[Note: This post, prepared originally for the NC Folklife Institute's NCFood blog, is hosted on the institute’s website, with excerpts and a link to the website posted here.]
Have you ever passed a restaurant, wondered how good its food is, but didn’t stop because you were saving money by not eating out? That’s my story about North Carolina barbecue when I was growing up.
Piedmont in a stable but modest neighborhood of Winston-Salem. In the heart of
“Lexington-style” barbecue, the closest restaurant was less than a mile from my house. Although it was a place that I walked nearby when I carried daily newspapers, I never ate there because I didn’t have the extra coins to buy a sandwich.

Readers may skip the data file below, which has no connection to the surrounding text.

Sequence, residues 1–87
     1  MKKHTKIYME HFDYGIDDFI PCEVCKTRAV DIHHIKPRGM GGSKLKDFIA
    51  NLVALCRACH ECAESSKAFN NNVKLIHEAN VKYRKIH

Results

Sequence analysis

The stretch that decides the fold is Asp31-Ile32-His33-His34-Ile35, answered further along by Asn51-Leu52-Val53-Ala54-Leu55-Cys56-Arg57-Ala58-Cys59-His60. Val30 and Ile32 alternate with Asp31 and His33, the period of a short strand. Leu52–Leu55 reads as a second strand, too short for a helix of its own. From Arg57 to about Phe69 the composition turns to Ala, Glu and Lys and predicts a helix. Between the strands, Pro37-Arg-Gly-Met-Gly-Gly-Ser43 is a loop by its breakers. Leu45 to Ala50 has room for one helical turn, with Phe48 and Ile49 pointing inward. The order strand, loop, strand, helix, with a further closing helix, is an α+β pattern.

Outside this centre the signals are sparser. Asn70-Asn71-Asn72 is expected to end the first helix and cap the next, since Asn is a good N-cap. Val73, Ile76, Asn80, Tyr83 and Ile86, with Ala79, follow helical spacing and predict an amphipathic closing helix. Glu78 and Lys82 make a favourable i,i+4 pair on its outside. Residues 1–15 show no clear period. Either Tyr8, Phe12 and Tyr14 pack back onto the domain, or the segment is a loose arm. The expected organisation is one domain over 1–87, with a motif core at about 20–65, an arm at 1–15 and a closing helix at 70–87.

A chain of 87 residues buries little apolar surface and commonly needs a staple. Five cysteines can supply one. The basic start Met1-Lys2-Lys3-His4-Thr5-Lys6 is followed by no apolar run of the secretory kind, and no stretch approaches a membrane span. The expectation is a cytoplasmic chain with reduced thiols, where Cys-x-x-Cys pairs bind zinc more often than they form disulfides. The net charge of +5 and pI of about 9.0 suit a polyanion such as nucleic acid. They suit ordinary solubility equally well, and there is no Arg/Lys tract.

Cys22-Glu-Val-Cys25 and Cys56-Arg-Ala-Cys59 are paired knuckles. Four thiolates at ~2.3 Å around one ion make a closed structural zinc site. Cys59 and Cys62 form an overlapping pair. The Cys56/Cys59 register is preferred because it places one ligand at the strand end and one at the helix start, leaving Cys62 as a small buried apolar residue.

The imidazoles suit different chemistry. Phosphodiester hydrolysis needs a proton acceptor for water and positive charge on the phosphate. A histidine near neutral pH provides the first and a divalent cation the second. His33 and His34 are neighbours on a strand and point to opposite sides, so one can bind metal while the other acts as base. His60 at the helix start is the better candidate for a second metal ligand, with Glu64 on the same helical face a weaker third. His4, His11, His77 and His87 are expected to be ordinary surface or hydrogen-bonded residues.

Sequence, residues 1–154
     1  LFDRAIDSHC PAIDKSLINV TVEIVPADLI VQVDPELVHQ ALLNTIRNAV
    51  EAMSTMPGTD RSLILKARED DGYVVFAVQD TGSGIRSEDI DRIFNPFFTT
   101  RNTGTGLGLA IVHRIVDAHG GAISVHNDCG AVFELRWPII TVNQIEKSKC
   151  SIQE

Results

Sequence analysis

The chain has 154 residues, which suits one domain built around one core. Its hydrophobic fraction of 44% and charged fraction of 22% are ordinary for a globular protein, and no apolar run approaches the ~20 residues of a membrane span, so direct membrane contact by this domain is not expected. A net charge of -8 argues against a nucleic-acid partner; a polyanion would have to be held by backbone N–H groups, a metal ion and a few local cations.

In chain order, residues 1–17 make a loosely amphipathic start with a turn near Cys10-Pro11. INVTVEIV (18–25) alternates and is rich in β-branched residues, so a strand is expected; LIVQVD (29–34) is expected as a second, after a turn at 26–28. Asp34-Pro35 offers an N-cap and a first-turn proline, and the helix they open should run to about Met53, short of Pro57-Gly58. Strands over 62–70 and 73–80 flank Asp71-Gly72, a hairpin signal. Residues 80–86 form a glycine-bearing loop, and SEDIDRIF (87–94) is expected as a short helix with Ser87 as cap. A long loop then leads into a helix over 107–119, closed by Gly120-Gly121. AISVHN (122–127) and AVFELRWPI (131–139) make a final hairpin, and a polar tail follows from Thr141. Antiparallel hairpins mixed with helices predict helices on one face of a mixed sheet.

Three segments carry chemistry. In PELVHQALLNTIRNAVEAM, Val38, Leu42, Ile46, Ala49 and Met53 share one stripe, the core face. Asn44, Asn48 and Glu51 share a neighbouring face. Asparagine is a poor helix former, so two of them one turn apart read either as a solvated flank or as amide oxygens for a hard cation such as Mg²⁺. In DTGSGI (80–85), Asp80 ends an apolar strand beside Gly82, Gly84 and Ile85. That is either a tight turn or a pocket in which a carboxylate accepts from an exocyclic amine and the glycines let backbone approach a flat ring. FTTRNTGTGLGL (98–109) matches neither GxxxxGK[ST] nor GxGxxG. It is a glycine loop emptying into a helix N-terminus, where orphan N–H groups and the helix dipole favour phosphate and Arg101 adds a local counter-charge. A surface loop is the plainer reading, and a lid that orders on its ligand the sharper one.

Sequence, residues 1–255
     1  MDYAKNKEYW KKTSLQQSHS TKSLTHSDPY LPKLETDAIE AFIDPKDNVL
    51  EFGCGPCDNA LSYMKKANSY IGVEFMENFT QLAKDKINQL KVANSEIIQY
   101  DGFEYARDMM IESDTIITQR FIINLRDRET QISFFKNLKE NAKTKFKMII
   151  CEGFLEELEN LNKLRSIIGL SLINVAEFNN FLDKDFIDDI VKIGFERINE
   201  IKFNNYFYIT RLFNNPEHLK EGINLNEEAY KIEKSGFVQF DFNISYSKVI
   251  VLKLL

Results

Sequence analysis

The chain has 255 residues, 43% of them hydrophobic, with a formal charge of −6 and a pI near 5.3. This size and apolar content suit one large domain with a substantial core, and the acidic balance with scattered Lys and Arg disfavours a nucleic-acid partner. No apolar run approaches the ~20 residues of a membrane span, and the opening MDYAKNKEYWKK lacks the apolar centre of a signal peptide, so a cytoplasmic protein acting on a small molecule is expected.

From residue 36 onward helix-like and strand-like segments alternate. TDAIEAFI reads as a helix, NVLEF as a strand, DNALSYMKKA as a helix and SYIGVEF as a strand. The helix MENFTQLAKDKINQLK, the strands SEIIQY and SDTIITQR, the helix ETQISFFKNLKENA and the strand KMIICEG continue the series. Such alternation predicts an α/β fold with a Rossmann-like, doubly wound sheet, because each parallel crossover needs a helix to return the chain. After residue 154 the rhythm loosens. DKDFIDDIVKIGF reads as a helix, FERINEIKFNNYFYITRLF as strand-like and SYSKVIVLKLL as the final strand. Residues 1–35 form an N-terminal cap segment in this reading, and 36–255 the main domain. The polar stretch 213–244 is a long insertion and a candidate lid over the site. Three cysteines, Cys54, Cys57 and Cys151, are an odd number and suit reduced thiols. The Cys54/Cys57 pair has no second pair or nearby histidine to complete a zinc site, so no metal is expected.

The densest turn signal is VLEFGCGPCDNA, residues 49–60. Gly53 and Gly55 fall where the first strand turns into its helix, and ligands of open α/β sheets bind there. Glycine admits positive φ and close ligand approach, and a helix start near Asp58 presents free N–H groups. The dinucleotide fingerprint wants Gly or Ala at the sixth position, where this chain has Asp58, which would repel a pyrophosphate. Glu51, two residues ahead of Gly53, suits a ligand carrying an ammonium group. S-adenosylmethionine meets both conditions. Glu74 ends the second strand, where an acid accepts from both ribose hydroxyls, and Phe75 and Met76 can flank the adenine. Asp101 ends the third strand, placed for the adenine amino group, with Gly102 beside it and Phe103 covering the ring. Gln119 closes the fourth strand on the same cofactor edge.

The desire to taste barbecue in my hometown went unsatisfied for years because after college I lived out of state. Many years later when I visited Winston-Salem, I was disappointed that Simos Barbecue, the neighborhood diner which had opened in 1939, was no longer in business. It closed after the owner’s health had declined. Its closing disappointed not only me and others in the city but legions of former students at nearby Wake Forest University who went online to lament their sorrow.